Cystic fibrosis (CF) is a genetic disease affecting chloride transport in a variety of tissues, most notably the lungs and pancreas, and is caused by mutations in the cystic fibrosis transmembrane conductance regulator (CFTR) gene. CF is inherited in an autosomal recessive manner, and more than 2,000 different mutations in the CFTR gene have been identified. CF patients generally suffer from pancreatic damage, which affects metabolism and nutrient absorption and is associated with failure to thrive in infants. Chronic respiratory problems, such as persistent lung infection stemming from accumulation of thick, viscous mucus in the lungs, can result in respiratory failure–the leading cause of death in CF. Historically, therapeutic options for CF were limited to physical therapy to dislodge mucus build-up, inhaled antibiotics, and pancreatic replacement therapy. However, in 2012, Vertex’s Kalydeco, a small-molecule CFTR potentiator, reached the market. Vertex’s combination of Kalydeco and the CFTR corrector lumacaftor reached the market in 2015, significantly expanding the pool of patients eligible for treatment. Interviewed experts are very excited about Kalydeco, Orkambi, and emerging agents that address the underlying cause of CF.

Questions Answered in This Report:

  • CF is a rare genetic disease affecting only a small percentage of the population. What is the size of the U.S. and EU5 (France, Germany, Italy, Spain, and the United Kingdom) diagnosed prevalent population for CF? How will the size of these populations change over the ten-year forecast period? What are the most common CFTR mutations in CF patients in the U.S. and EU5?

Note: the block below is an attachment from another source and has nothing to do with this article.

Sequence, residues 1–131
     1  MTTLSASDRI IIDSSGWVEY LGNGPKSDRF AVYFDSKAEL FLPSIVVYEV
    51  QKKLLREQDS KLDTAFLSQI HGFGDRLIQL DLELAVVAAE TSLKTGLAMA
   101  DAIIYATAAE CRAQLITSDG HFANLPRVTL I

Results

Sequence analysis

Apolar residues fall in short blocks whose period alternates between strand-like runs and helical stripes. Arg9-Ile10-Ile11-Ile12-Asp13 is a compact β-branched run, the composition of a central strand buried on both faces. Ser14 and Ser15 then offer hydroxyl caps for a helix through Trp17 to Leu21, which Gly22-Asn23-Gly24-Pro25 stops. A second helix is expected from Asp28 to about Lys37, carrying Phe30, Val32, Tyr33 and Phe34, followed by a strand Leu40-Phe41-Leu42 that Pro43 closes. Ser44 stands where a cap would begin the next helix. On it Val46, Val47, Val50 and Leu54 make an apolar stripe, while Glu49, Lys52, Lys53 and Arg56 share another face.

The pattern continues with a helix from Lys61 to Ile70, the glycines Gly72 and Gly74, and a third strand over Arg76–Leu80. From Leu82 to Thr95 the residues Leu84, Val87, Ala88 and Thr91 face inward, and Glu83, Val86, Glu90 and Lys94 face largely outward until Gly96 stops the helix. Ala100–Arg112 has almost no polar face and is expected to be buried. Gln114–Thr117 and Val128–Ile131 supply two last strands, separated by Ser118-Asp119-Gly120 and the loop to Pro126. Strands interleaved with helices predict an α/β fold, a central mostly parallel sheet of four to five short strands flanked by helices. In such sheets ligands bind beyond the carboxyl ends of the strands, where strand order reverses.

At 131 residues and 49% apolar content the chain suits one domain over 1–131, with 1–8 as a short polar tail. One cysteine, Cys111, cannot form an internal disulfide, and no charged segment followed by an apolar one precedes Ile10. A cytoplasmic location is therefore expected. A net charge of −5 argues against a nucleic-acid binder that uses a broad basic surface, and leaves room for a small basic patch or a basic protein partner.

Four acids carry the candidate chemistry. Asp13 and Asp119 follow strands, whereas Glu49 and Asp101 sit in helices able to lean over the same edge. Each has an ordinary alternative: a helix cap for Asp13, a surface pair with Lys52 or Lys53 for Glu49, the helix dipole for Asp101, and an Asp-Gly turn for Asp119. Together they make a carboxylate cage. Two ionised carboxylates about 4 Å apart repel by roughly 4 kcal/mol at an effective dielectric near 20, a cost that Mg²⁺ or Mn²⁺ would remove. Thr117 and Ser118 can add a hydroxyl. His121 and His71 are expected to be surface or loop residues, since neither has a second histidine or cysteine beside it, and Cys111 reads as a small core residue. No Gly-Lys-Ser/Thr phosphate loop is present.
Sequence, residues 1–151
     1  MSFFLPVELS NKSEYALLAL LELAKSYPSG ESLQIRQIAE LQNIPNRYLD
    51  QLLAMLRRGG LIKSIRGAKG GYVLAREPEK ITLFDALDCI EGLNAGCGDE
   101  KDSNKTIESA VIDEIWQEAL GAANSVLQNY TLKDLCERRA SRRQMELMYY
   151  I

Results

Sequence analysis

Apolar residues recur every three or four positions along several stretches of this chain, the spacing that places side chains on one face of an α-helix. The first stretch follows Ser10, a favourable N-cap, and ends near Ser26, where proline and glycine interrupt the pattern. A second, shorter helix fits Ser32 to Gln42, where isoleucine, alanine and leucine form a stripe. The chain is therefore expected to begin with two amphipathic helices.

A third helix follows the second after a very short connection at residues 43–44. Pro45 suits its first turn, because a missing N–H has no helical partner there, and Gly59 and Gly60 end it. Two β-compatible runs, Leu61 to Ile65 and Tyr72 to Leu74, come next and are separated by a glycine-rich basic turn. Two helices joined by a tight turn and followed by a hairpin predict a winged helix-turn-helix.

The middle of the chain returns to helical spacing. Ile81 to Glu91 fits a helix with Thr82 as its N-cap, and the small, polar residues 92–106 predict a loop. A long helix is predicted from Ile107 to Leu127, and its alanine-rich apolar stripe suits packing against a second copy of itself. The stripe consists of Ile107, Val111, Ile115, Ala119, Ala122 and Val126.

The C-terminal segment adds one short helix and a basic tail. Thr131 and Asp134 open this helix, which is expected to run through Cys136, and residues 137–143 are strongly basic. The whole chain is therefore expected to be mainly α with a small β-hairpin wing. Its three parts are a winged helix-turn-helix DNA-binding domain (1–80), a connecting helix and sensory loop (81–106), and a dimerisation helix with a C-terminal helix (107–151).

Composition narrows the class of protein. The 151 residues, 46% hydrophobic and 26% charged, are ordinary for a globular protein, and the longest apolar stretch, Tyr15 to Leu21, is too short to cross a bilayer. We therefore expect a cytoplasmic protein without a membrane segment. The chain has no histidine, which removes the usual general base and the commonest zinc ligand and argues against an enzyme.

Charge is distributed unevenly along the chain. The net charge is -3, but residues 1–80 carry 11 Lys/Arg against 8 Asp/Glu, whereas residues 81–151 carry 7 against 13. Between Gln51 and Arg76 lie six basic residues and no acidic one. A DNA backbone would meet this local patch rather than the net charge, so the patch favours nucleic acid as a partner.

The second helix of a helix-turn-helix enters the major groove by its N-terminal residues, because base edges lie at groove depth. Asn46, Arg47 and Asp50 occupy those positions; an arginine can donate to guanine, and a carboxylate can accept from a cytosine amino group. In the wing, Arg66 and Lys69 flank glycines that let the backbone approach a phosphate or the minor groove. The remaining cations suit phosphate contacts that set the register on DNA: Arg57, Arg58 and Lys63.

• Kalydeco and Orkambi are the only current therapies that address the underlying cause of the disease. What are new therapies addressing the underlying cause of the disease that will launch by 2024? How will these disease-modifying therapies be used by 2024?  What percentage of the CF population will be eligible for these treatment options?

  • Ivacaftor/lumacaftor (Orkambi) combination therapy is the first therapy addressing the underlying cause of the F508del CFTR mutation. What are interviewed CF experts’ views on the Phase III TRAFFIC and TRANSPORT clinical studies that evaluated ivacaftor/lumacaftor combination therapy? What role do they anticipate for Vertex’s second-generation corrector VX-661?

  • We forecast multiple new symptomatic therapies indicated for use in CF will reach the U.S. and five major European markets by 2024. Which treatments will provide additional symptom-relief options? What percentage of CF populations will be eligible for these treatment options? What will be the therapeutic landscape in 2024?

  • Unmet needs in CF are many and span a range of challenging issues. What are the most promising avenues of research and development? Which unmet needs do thought leaders expect will remain unaddressed by mid- to late-stage emerging therapies?


Market covered: United States, France, Germany, Italy, Spain, and the United Kingdom.

Primary research: Eight country-specific interviews with thought-leading CF specialists.

Epidemiology: Diagnosed prevalent cases of CF and top five most frequent CFTR mutations by market.

Emerging therapies: Phase II: 11; Phase III; 4; coverage of select preclinical and Phase I products.

Author(s): Michael Breen, Ph.D.
Catherine Vasilakis-Scaramozza, Ph.D., M.P.H.

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